What is another word for laborsaving?

Pronunciation: [lˈabɔːsˌe͡ɪvɪŋ] (IPA)

Laborsaving is a term used to describe something that minimizes the amount of effort or work required to complete a task. When searching for synonyms for laborsaving, you may come across many words that convey the same or similar meanings. Some of these synonyms include 'time-saving,' 'efficient,' 'automated,' 'streamlined,' 'simplified,' 'easy,' 'convenient,' 'productive,' and 'smoothing.' All of these terms imply that a particular process, tool, or gadget helps one to save time and effort when working on a particular task. Therefore, the use of any of these synonyms can help to emphasize the efficiency and convenience offered by specific products, ideas, or strategies designed to minimize the effort and time involved in completing specific tasks.

What are the hypernyms for Laborsaving?

A hypernym is a word with a broad meaning that encompasses more specific words called hyponyms.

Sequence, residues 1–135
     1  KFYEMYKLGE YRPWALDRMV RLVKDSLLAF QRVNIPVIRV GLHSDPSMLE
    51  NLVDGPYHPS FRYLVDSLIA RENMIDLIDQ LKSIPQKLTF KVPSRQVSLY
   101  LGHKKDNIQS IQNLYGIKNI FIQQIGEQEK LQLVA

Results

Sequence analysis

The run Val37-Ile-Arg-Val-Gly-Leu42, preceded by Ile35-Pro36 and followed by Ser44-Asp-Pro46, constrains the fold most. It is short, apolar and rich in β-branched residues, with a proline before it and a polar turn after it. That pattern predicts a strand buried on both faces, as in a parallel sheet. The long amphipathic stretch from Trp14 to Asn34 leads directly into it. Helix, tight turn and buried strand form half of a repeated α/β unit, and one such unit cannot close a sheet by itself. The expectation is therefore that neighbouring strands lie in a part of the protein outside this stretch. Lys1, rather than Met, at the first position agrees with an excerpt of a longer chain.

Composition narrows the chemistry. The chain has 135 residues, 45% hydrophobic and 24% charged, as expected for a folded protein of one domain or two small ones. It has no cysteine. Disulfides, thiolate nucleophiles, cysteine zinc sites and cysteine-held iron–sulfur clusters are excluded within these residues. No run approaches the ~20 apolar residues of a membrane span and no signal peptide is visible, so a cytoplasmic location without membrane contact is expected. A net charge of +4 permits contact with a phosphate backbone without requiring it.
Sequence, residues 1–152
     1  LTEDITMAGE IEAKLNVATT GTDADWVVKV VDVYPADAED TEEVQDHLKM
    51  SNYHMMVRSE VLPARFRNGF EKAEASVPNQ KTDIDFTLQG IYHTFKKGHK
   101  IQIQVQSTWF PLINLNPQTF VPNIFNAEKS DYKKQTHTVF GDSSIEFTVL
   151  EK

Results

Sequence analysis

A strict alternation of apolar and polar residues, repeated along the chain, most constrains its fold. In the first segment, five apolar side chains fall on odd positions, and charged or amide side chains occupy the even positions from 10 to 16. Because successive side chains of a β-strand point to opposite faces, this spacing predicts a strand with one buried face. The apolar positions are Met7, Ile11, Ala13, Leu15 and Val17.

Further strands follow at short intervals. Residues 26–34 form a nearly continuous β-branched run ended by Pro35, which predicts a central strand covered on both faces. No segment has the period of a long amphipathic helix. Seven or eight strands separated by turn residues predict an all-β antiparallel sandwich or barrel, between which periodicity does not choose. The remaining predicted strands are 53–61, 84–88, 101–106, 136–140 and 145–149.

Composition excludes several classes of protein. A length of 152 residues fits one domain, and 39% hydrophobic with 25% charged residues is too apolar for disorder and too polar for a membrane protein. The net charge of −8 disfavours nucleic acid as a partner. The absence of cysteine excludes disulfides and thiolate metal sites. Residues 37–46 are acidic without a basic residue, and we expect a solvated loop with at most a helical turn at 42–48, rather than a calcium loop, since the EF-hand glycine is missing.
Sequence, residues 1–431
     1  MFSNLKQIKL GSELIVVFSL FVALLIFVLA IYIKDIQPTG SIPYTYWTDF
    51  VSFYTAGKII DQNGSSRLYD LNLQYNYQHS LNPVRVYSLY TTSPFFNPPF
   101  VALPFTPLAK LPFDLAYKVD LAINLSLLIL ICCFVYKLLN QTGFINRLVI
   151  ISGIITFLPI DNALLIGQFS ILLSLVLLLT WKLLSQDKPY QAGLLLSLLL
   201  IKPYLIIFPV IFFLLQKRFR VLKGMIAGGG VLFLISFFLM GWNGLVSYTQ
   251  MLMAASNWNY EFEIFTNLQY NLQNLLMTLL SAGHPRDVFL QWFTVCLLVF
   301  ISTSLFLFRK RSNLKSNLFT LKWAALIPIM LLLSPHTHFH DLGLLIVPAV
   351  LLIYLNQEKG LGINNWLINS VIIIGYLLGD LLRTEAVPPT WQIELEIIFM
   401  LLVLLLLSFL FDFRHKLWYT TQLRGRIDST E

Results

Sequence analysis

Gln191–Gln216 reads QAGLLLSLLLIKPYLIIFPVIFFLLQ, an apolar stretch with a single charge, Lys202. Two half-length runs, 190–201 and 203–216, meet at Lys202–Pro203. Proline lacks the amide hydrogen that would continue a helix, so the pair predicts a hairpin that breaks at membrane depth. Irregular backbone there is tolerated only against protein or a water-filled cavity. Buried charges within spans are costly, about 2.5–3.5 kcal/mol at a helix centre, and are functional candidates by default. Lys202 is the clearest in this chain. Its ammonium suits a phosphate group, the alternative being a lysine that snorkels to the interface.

What are the opposite words for laborsaving?

Laborsaving is an adjective that describes something that reduces the amount of work or effort needed to accomplish a task. Its antonym is labor-intensive, which means something requires a lot of work or effort. For example, traditional farming methods were labor-intensive, while modern mechanized farming is laborsaving. Another antonym for laborsaving is inefficient, which means something is not optimized to reduce the amount of work required. Similarly, a term like challenging can be an antonym for laborsaving because it implies the effort needed. Other antonyms for laborsaving can include exertive, complicated, or demanding, all of which suggest that something requires more work or effort to accomplish.

What are the antonyms for Laborsaving?

Usage examples for Laborsaving

The agricultural papers and agricultural fairs had not succeeded in popularizing these great laborsaving devices.
"The Age of Big Business Volume 39 in The Chronicles of America Series"
Burton J. Hendrick

Famous quotes with Laborsaving

  • In the course of many centuries a few laborsaving devices have been introduced into the mental kitchen — alcohol, coffee, tobacco, Benzedrine, etc. — but these are very crude, constantly breaking down, and liable to injure the cook. Literary composition in the twentieth century A.D. is pretty much what it was in the twentieth century B.C.: nearly everything has still to be done by hand.
    W. H. Auden

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